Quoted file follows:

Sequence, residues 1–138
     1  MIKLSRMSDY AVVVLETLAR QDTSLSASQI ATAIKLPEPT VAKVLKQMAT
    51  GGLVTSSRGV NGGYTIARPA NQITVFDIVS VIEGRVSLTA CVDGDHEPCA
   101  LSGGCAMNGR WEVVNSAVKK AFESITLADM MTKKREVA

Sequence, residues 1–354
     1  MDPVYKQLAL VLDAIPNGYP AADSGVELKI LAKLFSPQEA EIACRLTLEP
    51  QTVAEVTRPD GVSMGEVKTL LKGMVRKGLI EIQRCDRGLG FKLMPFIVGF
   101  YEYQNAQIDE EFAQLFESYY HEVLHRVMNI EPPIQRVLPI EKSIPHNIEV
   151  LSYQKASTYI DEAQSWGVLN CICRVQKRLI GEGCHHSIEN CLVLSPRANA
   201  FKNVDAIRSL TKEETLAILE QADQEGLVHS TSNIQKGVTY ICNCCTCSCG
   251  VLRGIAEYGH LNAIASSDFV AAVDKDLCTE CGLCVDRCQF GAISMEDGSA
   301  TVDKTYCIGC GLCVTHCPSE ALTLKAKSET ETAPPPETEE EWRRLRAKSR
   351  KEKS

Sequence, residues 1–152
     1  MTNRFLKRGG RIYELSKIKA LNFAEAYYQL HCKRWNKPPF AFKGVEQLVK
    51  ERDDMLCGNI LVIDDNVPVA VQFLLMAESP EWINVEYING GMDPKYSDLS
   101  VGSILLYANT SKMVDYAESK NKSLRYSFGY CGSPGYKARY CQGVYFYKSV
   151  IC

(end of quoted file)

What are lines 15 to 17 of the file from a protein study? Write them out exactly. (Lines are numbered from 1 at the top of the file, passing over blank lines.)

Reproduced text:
     1  MTNRFLKRGG RIYELSKIKA LNFAEAYYQL HCKRWNKPPF AFKGVEQLVK
    51  ERDDMLCGNI LVIDDNVPVA VQFLLMAESP EWINVEYING GMDPKYSDLS
   101  VGSILLYANT SKMVDYAESK NKSLRYSFGY CGSPGYKARY CQGVYFYKSV